Posted Nov. 28, 2018
Bad writing can impose substantial costs on your organization, and we've written many, many, many times on why that happens and how much it costs.
One reason is that bad writing can trigger Parkinson's Law, which states that "work expands so as to fill the time available for its completion." That means unclear and generic writing in a business environment can result in the reader delaying or not taking the intended action. For example, you can lose sales if your writing fails to convey a sense of urgency or clarify timelines to a customer.
But Parkinson's Law can also cause bad writing in the first place, as well as contribute to procrastination for a writer. In a seminal 2002 study, researchers from the Massachusetts Institute of Technology studied how to stop procrastination. They required three groups to each write three papers.
- Group 1 had to finish all three papers by the end of the term but had no other specific deadlines.
- Group 2 had to finish each paper individually by a specific deadline spread over the course of the term.
- Group 3 had to set their own deadlines for all three papers.
Missing a deadline would impose a 1% penalty on the paper's grade.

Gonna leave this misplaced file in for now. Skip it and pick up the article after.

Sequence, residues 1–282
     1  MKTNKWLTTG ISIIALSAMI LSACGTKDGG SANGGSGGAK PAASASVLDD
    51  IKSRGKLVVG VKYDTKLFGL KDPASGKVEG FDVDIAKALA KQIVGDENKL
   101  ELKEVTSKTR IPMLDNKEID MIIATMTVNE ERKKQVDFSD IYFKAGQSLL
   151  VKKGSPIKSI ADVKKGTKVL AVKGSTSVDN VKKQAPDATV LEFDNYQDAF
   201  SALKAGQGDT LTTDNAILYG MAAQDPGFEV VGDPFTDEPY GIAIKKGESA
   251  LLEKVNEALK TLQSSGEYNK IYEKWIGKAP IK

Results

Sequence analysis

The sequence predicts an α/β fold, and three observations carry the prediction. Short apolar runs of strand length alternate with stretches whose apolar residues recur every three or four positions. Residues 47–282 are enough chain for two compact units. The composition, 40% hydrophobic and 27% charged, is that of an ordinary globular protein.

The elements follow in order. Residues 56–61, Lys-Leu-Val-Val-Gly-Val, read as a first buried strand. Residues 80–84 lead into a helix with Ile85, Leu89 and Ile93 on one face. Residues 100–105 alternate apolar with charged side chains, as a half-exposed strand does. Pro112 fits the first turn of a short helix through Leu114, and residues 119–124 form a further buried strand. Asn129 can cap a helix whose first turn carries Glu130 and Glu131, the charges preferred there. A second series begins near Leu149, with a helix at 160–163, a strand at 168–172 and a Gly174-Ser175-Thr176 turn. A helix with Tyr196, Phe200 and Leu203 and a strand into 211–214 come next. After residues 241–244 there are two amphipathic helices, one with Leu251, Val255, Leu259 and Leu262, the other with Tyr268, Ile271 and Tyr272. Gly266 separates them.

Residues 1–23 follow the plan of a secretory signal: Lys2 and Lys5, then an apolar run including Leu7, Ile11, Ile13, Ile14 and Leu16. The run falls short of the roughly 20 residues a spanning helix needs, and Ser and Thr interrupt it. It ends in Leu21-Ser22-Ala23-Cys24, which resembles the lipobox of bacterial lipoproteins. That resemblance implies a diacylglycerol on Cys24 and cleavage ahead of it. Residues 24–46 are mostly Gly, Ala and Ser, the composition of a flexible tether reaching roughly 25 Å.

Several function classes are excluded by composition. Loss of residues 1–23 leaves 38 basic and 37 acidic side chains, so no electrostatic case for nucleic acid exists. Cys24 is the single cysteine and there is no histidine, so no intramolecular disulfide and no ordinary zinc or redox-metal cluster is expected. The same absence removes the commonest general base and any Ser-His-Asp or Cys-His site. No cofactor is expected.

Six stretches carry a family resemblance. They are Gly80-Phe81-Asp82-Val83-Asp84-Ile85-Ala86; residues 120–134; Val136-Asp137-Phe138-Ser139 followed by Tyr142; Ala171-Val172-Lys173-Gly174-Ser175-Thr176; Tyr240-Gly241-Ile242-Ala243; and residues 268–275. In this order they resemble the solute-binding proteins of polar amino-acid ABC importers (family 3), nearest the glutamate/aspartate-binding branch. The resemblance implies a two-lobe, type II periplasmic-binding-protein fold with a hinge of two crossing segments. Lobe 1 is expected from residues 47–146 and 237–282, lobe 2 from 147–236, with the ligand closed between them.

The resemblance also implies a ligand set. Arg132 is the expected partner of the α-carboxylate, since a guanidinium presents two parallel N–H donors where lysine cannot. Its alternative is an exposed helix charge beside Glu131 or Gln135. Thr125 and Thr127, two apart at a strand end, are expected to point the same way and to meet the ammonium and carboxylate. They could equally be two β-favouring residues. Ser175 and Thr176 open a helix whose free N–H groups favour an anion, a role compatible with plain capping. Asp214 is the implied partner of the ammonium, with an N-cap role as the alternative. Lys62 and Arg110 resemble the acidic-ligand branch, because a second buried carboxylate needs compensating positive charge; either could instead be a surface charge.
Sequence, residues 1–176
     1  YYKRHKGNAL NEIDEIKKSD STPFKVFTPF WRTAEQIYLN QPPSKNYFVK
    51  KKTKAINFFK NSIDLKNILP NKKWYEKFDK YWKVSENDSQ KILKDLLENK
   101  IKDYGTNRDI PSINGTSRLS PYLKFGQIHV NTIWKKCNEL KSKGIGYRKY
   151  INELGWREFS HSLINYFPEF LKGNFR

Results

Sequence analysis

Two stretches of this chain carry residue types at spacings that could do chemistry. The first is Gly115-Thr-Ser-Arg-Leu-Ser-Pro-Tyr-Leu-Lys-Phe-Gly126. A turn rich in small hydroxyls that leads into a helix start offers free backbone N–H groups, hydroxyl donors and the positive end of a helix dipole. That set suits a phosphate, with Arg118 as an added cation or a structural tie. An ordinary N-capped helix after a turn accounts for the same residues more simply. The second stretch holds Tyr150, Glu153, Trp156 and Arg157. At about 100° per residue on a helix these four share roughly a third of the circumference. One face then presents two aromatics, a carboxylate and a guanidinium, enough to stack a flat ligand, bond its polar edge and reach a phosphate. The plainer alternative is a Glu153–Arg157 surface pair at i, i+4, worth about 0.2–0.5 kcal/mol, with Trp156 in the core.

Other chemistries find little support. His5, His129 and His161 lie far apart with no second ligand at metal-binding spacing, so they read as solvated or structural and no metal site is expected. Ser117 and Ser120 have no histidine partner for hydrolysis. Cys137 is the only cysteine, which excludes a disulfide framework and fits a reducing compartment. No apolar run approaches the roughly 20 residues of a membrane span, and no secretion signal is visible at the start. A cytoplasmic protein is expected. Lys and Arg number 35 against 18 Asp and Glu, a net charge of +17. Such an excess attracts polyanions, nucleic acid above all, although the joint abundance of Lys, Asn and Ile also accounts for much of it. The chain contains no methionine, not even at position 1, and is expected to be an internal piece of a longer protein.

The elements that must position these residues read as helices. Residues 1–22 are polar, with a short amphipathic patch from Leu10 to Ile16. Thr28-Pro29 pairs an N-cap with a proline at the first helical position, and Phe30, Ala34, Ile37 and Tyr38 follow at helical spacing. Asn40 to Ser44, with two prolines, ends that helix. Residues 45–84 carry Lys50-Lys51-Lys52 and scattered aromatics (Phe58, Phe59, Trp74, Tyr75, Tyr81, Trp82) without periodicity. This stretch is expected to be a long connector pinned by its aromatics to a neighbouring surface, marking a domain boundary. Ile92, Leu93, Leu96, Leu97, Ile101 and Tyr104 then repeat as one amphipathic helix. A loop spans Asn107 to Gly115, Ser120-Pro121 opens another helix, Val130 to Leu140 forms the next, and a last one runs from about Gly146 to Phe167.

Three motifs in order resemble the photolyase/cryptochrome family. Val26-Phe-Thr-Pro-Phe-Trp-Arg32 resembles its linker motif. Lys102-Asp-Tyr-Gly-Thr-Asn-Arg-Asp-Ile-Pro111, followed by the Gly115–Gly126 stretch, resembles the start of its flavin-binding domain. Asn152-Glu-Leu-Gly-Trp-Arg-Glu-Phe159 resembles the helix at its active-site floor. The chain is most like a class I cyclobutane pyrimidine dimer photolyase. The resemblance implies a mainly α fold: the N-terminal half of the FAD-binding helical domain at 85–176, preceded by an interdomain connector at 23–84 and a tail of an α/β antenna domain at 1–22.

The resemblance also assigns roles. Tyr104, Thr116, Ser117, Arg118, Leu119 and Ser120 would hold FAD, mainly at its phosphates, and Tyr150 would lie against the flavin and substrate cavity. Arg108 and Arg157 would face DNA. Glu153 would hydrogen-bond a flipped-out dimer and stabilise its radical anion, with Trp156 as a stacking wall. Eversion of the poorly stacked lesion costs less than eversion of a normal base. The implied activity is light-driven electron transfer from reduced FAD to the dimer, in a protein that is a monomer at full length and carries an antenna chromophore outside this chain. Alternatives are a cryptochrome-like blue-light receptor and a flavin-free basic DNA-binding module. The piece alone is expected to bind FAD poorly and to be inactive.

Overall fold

Group 1 fared the worst: they were the most likely to turn the papers in late and got the worst grades because they had the most errors. Group 3 did better: they were more likely to be on time and get better grades. But it was Group 2 (externally set deadlines) that performed the best in terms of meeting deadlines and scoring high grades.
The researchers concluded that self-imposed deadlines “were not always as effective as some external deadlines in boosting task performance.”
Timothy Pychyl of Carleton University, a leading scholar on procrastination, explained to Fast Company, "The deadline isn’t real, and self-deception is a big part of procrastination."
What does this mean for writing projects in a business environment?
First, an external authority should set the deadline. If a manager or team leader doesn't set the deadline to start, the writer should ask for one. That said, the deadline should be reasonable – commensurate with the work required – but firm.
Second, missed deadlines should result in a meaningful consequence. Only your workplace can determine what’s appropriate here – perhaps that person will become responsible for a tedious office chore the next week, or if they repeatedly miss a series of deadlines, they may be subject to a note in their employee record that could impact their next performance review. You might also want to balance punitive measures for missed deadlines with rewards for successfully meeting or beating deadlines. That will help writers feel that their writing activities are (literally) rewarding rather than unpleasant and undesirable.
About Hurley Write, Inc.
Hurley Write, Inc., a certified women-owned small business (WBENC and WOSB), Historically Underutilized (HUB), and Disadvantaged Business Enterprise (DBE), has been designing and teaching customized onsite and online technical, business, and scientific writing courses for over 25 years. We also develop and teach specialty courses, such as how to write proposals and standard operating procedures (SOPs) and deviation and investigation reports, and how to prepare and give great presentations.